Uterine fibroids: Promising new minimally invasive treatment using high-energy ultrasound waves
MR-guided focused ultrasound offers women another minimally invasive treatment to remove uterine fibroids-avoiding surgical myomectomy and hysterectomy.
A study of more than 100 patients shows that women can get lasting relief from uterine fibroid-related symptoms with MRgFUS-thus avoiding myomectomy, the surgical removal of uterine fibroids, or hysterectomy, major abdominal surgery to remove the uterus, say researchers at the Society of Interventional Radiology's 35th Annual Scientific Meeting in Tampa, Fla.
"MRgFUS is newer than another interventional radiology fibroid treatment-uterine fibroid embolization or UFE-a widely available treatment that blocks blood flow to fibroid tumors. Our results with effectiveness of MRgFUS technology are promising and comparable with that of UFE, but its longer-term effectiveness needs continued study," said Hesley.
"Today, women have interventional radiology options that do not involve the use of a scalpel incision. Women should ask for a consult with an interventional radiologist who can determine from MR imaging whether they are candidates for either procedure," she added.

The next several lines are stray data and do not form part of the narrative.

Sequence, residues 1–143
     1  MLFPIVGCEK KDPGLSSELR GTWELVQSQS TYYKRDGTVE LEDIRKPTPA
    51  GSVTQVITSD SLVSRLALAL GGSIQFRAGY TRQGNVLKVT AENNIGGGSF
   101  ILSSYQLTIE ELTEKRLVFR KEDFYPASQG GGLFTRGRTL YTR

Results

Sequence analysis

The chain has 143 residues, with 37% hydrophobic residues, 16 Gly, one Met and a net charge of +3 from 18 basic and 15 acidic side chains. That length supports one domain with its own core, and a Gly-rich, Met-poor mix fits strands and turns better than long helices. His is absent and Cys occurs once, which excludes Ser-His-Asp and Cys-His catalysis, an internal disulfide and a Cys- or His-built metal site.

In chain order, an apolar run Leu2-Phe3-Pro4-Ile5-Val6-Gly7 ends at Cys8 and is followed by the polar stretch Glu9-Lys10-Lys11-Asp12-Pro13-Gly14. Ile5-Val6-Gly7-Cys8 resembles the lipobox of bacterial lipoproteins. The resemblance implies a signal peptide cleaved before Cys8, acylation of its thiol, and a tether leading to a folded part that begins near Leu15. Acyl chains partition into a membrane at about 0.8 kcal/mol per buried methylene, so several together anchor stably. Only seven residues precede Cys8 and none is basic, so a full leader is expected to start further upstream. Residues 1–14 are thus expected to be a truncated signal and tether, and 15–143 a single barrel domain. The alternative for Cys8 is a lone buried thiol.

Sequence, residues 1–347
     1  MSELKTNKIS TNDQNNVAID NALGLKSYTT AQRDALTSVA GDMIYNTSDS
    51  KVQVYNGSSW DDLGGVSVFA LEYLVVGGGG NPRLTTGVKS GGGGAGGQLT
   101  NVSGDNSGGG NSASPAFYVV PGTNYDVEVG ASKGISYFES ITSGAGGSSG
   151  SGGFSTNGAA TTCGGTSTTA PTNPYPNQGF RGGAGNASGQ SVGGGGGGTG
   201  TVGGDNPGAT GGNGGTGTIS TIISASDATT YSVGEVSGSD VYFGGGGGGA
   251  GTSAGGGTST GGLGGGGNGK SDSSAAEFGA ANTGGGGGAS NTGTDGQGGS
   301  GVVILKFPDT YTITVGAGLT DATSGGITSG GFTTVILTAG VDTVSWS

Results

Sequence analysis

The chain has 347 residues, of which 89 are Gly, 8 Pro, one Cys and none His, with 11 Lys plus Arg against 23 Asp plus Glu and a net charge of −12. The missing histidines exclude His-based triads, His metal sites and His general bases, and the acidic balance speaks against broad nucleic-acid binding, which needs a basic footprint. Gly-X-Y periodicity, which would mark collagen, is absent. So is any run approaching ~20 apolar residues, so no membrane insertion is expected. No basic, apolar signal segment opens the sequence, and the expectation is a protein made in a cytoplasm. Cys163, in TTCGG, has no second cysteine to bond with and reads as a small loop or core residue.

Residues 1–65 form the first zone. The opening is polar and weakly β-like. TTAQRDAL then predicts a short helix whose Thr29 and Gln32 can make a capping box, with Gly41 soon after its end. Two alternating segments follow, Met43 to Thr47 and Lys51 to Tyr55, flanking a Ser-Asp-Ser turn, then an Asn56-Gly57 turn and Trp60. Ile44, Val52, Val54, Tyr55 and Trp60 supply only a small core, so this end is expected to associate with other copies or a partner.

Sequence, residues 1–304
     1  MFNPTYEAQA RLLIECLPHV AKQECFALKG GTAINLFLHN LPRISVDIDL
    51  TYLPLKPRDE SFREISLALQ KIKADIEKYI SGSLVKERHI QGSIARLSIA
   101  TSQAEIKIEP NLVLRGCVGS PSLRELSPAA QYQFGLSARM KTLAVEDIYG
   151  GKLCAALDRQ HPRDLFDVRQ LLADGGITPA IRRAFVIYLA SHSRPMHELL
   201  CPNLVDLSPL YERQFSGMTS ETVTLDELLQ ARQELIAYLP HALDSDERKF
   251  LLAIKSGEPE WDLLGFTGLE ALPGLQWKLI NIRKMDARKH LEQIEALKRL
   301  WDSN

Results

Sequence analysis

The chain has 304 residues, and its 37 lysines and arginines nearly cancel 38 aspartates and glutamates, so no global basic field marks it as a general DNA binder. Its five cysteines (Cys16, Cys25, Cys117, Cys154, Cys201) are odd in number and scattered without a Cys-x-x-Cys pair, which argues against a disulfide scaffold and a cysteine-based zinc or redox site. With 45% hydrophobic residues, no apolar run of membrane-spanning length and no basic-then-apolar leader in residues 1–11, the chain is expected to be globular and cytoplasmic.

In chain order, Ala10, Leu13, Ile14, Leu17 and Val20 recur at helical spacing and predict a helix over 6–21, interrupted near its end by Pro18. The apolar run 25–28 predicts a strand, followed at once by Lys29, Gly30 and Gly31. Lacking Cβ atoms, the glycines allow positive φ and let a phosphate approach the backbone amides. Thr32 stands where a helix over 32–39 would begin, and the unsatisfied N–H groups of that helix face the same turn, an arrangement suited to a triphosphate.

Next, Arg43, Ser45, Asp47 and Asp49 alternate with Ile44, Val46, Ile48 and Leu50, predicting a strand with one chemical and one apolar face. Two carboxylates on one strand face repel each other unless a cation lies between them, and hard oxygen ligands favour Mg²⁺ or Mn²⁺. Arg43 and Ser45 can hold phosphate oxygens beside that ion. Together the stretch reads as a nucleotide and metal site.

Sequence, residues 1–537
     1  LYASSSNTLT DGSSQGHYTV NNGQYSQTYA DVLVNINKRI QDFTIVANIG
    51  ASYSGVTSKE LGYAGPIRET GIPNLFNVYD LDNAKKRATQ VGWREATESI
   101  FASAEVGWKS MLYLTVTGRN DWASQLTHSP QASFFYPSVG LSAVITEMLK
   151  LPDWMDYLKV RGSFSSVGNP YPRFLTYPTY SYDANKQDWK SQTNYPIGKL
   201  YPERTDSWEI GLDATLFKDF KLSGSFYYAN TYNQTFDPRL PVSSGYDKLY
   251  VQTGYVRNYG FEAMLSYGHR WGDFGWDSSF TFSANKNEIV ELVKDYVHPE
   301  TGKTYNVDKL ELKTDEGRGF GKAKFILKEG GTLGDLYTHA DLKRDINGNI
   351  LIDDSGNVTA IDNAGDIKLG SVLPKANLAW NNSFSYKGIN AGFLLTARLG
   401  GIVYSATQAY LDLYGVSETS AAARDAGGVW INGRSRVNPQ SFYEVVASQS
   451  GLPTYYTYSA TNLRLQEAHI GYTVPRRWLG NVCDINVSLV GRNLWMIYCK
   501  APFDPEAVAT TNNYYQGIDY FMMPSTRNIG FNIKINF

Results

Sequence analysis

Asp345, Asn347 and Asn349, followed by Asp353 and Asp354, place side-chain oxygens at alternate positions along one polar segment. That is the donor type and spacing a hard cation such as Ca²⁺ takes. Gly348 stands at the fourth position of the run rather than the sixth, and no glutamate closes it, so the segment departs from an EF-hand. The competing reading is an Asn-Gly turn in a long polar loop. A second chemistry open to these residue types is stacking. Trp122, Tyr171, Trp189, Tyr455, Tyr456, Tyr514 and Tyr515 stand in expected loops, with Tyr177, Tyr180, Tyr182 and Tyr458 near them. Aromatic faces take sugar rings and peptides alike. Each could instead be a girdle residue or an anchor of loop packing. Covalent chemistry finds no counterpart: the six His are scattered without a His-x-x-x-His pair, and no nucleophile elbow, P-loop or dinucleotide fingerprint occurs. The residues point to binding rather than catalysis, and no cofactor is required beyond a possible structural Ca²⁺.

Twenty to 40 percent of women age 35 and older have uterine fibroids of a significant size. African-American women are at a higher risk for fibroids: as many as 50 percent have fibroids of a significant size.
MRI also enables the physician to monitor tissue temperature in real-time to ensure adequate-but safe-heating of the target. Immediate imaging of the treated area following MRgFUS helps the physician determine the success of the treatment. The procedure was approved by the Food and Drug Administration for treating uterine fibroids in October 2004; however, it is still considered new, is not widely available and not all insurance carriers cover it.
Of the 89 patients who were available for phone interviews at 12 months, 69 indicated they received from the following relief from symptoms: excellent (74 percent), considerable (16 percent), moderate (9 percent) and insignificant (1 percent). The rate of additional treatments needed post-MRgFUS was 8 percent, which is within values reported for myomectomy and uterine fibroid embolization, said Hesley.